Part of her communication problems are explained by fame; the famous seem impenetrable. But Clinton also might be to blame. At Mark Twain Intermediate School in Coney Island, where she appears with Democratic vice-presidential candidate Joseph I. Lieberman, the kids - enthusiastic at first -want to know if she dreaded going to school. She responds with a clunky endorsement of a good public school education. They seem bored. She's lost them.

'It's genius'

In a race largely fought on television in sprawling New York, the picture is everything and Clinton knows it. When Clinton visits the Buffalo diner, she knows what to do when she spots a baby in pink fleece. Instead of kissing her, Clinton lifts her high above her head and beams up at her.

"Brilliant," a New York photographer concludes from the scrum when the moment has passed. "Most people just kiss them, but if you lift them up in the air, that makes the shot. Bill Clinton invented that. It's genius."

Clinton is holding more news conferences of late and has handled her outsider problems head-on. Although she had never had to deal with local issues on this level before, Clinton repeatedly reminds her audience how many people she's talked to and counties she has visited (all 62).

To the faithful, the more exposure the better. At the fair in Chappaqua, a pricey Westchester County hamlet, Hillary buttons abound. A troupe of girls in spangled mini-dresses stops its dance routine to gawk at her. A woman picks up her poodle so it won't get trampled in the crush. The Lazio booth waits for business (volunteer Patricia Spencer argues that her neighbors fear they'll get audited if they seem critical of Clinton's candidacy).

Clinton has become deft in dealing with a serious vulnerability: the Monica Lewinsky mess. One of her biggest applause lines suggests that her ability to stand by her husband in the scandal speaks volumes about her character.

"There's one thing I hope you know about me by now," she tells supporters at a Buffalo rally, closing with a vow that she repeats around the state. "When I tell you I'll stick with you, I'll stick with you."

"What she means is, she stuck with her husband so she'll stick with us," says Terri Aquino, a 55-year-old Buffalo native who cheers her at the rally. "I definitely read it that way. I loved that part."

'No different from me'

The Lewinsky matter has lurked in the shadows of this campaign from the start. One reason Clinton fails to capture a majority in a state with almost 2 million more Democrats than Republicans is that white professional women fault her for staying with her husband, polls show, although the latest surveys show Clinton finally gaining an edge here as well.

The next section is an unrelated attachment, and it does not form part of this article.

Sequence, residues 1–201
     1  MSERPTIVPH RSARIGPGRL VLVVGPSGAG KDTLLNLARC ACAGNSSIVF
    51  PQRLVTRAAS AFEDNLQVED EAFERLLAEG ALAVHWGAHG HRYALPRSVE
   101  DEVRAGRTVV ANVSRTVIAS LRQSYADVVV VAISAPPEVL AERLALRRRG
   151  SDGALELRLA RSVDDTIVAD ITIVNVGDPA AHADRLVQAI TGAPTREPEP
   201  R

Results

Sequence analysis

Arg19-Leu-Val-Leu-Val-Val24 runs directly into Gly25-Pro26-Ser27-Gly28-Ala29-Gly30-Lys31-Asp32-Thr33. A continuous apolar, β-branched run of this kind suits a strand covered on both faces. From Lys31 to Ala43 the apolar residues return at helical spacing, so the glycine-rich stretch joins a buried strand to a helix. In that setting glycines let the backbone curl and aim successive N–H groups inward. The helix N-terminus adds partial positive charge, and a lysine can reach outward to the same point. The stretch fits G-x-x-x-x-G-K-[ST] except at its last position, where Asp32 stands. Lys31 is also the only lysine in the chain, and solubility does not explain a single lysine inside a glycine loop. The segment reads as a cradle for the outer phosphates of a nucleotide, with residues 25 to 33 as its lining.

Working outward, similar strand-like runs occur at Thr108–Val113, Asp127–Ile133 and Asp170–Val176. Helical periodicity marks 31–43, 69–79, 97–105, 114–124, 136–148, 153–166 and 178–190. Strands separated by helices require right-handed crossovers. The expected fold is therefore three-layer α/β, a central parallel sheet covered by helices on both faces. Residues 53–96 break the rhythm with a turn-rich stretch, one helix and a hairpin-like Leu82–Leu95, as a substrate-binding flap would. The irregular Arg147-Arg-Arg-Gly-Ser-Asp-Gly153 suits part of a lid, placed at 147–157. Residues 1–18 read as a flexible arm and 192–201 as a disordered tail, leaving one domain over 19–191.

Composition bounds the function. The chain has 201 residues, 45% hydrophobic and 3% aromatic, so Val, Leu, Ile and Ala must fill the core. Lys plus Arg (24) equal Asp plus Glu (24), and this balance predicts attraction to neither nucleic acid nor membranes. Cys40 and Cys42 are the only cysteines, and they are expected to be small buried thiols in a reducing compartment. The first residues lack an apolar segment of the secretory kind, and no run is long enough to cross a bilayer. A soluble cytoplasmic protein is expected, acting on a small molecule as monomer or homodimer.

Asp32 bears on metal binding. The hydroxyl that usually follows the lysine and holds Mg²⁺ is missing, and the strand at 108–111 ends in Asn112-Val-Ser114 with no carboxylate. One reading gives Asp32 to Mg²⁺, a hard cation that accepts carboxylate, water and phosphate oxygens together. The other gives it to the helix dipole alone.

Maryann Mason understands why people feel this way - "Look how they treated Mary Jo Buttafuoco," she says, remembering the scorn for the Long Island housewife's initial decision to stick with her husband after his teen-age mistress shot her. But Mason, a Long Island housewife, feels more devoted to Clinton the more she hears her assailed.

"She's a human being - she's no different from me," says Mason, a 34-year-old mother with her new baby. "She's been through real trials and tribulations, and any woman in this world can relate to her."

Lazio, who recently showed up at a Mets game and merrily wiped his feet on a skybox doormat featuring Clinton declaring herself a Yankee fan, has the support of the fiercest critics.

Just before Clinton and Lazio's debate last week, in which some critics believed Lazio might have drummed up sympathy for his opponent by being too aggressive, Clinton held the edge by 49 percent to Lazio's 44 percent, according to polls by Marist College Institute for Public Opinion and Quinnipiac University.

It speaks to the depth of the national anti-Hillary sentiment that Lazio has raised enough money to compete with Clinton despite his late entry after New York Mayor Rudolph W. Giuliani decided in May not to run. Though the president helps Clinton with her fund-raisers (he accompanied her to two last week), Lazio has $10.2 million to spend on the fall season, compared with her $7.1 million, their most recent campaign filings show.

But Clinton has something he doesn't: For better or worse, everyone in New York knows who she is - and in politics, that's often half the battle.

At a recent Buffalo event, a woman spots her and blurts, "I saw you on TV!" Clinton takes the opening. "Here I am," she declares. "In the flesh."